- Specific: Your goal must be simple and clear. In the case of YouTube, ask yourself, "What video do I want to make." then "Who is this for?", etc.
- Measurable: It must be measurable to track your progress, so you get motivated. In the case of YouTube, if you're consistent, one of the most realistic goals is to have goals such as getting 100 subscribers on the 1st month so you can track your progress.
- Achievable: Your goals must be possible. In this case, you can try setting your goals of uploading a consistent three videos a week.
- Relevant: Is it relevant? If your content has no value or is irrelevant. There's absolutely no reason for people to watch it. Please don't make it for yourself, give people what's relevant.
- Time-Bound: Your goal needs to have a target date. No, you're not pressured to get a million subscribers on the 1st year. But you can try to set your goals to get 10000 subscribers by the end of the year.
If you apply the rules above, you will get significant results in the smallest amount of time. It's always better to plan ahead rather than go guns blazing in a new field.
Yeah, But Did You Market It?
Maybe you're of those rare ones—the ones who did their homework. You've set your goals. You planned your attack. Now, you upload your content. And...
Well, it's getting a little bit of traffic. Probably a view a day. That's pretty decent.
If this happens to you, you're not doing an essential part of a successful channel, which is Marketing.
You don't have to spend any money on marketing. Marketing can be done as simple as posting a picture on Instagram. It's that easy!
But of course, it's not that helpful if you don't have much following. That's when you have to do a very unique way of marketing, which I called "ridiculously direct marketing" or in simple: Building Relationship.
Now, why did I call it "ridiculously direct marketing." I just thought that sounds professional. What I meant by building a relationship is by going to forums or joining communities and actually make a relationship with other content creators in your niche.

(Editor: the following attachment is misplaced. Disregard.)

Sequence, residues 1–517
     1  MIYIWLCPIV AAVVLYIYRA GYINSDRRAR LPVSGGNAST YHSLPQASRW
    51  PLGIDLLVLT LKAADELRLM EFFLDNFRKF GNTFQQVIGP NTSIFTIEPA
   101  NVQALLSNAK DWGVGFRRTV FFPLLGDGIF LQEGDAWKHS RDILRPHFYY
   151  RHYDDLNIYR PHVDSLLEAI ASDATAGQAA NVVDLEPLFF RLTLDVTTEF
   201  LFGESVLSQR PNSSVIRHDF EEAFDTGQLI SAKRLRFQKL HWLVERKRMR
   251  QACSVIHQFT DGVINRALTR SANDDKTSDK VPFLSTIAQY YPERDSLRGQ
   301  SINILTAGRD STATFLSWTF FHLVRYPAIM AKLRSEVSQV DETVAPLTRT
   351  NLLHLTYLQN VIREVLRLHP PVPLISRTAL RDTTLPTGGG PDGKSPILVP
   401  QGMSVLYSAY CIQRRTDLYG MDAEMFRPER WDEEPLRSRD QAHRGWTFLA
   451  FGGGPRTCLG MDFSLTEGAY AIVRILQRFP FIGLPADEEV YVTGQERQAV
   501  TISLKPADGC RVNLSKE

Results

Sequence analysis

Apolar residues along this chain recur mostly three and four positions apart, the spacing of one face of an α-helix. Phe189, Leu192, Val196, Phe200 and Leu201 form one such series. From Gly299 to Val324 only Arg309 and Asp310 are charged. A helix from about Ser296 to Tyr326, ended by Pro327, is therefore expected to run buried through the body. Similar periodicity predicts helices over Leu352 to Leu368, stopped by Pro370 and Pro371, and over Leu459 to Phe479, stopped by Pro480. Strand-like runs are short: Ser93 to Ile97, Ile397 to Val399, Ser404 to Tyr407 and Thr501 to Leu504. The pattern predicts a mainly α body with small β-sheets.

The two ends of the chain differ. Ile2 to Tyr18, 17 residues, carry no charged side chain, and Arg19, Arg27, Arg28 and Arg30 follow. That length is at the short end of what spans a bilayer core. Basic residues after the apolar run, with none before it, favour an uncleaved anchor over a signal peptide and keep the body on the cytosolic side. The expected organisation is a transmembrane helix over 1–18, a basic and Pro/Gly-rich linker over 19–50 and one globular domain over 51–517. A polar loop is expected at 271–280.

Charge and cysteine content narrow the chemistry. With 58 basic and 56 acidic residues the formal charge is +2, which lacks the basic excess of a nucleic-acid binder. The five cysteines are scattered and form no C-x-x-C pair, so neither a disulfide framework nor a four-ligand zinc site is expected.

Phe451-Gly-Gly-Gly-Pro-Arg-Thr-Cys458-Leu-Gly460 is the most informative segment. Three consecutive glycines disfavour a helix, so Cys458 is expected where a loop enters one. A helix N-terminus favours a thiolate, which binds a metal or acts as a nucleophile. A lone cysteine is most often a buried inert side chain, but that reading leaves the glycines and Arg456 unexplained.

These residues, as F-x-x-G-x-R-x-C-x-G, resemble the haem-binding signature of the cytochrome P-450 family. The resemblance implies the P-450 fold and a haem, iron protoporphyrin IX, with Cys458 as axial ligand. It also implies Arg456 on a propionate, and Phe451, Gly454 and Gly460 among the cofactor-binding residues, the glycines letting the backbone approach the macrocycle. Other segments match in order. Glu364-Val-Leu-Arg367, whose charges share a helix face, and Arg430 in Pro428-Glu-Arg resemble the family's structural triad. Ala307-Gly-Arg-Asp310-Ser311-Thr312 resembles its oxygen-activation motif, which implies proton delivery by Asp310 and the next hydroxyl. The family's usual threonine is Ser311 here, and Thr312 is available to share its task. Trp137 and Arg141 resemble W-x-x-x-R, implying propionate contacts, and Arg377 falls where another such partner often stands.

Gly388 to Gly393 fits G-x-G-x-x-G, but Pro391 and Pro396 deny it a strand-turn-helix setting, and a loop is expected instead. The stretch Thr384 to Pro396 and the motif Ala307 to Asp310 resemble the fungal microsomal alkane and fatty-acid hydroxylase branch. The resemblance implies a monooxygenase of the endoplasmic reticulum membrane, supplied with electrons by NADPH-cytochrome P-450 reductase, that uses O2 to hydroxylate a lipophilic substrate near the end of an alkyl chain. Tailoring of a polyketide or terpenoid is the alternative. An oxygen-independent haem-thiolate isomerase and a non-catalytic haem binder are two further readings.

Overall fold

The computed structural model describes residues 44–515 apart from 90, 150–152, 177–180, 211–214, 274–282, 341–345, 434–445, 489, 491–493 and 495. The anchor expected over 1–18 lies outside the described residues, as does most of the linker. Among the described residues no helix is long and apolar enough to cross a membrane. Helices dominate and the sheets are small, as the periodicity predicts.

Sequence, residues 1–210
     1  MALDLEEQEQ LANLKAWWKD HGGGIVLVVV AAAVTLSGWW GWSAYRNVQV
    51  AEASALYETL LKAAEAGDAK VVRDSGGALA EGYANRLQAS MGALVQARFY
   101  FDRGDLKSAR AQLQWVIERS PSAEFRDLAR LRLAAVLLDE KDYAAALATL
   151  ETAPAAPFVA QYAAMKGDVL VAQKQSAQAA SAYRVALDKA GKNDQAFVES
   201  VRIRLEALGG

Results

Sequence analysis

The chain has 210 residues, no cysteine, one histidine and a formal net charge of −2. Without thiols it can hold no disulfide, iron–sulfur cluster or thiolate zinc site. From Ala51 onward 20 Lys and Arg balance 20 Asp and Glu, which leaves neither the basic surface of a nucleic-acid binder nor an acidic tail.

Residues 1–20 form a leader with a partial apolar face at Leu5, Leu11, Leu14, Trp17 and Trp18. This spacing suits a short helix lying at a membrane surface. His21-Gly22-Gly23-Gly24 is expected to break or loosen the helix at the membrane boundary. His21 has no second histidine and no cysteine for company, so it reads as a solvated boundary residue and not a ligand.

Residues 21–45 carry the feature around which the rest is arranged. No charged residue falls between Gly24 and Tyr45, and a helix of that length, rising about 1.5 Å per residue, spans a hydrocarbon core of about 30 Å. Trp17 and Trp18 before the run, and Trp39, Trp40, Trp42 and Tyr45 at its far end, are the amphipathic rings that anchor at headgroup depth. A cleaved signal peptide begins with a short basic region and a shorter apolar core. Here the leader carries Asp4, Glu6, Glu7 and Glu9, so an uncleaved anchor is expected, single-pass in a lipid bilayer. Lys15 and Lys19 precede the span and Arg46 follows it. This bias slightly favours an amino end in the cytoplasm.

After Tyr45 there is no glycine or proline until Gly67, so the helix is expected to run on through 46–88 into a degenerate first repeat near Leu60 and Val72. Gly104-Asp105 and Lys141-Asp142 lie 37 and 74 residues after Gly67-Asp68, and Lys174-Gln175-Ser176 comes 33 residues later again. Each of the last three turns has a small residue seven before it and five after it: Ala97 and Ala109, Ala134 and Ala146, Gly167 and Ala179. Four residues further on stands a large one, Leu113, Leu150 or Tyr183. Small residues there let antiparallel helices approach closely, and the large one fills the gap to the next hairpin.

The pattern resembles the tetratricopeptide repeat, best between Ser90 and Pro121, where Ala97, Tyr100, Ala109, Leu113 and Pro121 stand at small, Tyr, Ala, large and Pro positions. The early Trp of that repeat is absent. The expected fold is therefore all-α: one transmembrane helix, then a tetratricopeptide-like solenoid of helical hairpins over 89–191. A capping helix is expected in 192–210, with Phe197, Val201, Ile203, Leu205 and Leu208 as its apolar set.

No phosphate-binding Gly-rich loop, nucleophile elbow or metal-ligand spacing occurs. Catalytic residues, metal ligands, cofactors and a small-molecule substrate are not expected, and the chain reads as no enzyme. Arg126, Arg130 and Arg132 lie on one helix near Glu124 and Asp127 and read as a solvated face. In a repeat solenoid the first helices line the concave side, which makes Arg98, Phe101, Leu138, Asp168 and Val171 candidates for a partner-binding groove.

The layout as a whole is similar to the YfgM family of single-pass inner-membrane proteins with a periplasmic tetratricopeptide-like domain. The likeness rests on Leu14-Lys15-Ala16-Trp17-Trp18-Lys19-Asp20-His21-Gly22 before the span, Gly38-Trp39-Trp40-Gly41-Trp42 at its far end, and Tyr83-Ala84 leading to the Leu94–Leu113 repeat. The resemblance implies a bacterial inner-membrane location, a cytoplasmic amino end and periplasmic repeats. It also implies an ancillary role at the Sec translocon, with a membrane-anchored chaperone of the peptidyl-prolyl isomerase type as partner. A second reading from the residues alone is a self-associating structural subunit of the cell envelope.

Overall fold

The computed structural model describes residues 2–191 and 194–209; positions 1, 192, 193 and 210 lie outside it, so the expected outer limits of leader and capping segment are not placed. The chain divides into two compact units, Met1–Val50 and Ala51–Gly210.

If you share a link to your group when nobody in your community knows you, it's not going to help in one bit. So you need to understand that to build long term following for your channel. You have to interact with other creators.
Talk to them, share them your stories, give value more than you take them. That's how you build long-lasting relationships!
When you have a close group of content creators, they will know and trust you enough to promote your quality content.
They will do cross-promotion for you. Word of mouth is the best form of promotion!
This also goes for other business and media. Building relationships has always been the best tip for long-lasting success on any platform.
So if you're starting a YouTube channel, it's always best to do your homework first. Plan out how you're going to run your channel by setting S.M.A.R.T Goals.
After uploading your first few videos, it's always best to promote your videos. You can do that in many ways, but one of the best ways is to build a close long-lasting relationship for long term success.